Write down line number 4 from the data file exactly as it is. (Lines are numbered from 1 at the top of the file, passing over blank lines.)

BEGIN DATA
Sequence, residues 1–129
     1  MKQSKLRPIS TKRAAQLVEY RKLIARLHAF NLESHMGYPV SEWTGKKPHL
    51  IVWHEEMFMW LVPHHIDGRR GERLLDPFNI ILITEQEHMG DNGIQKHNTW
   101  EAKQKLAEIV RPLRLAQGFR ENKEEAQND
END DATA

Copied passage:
   101  EAKQKLAEIV RPLRLAQGFR ENKEEAQND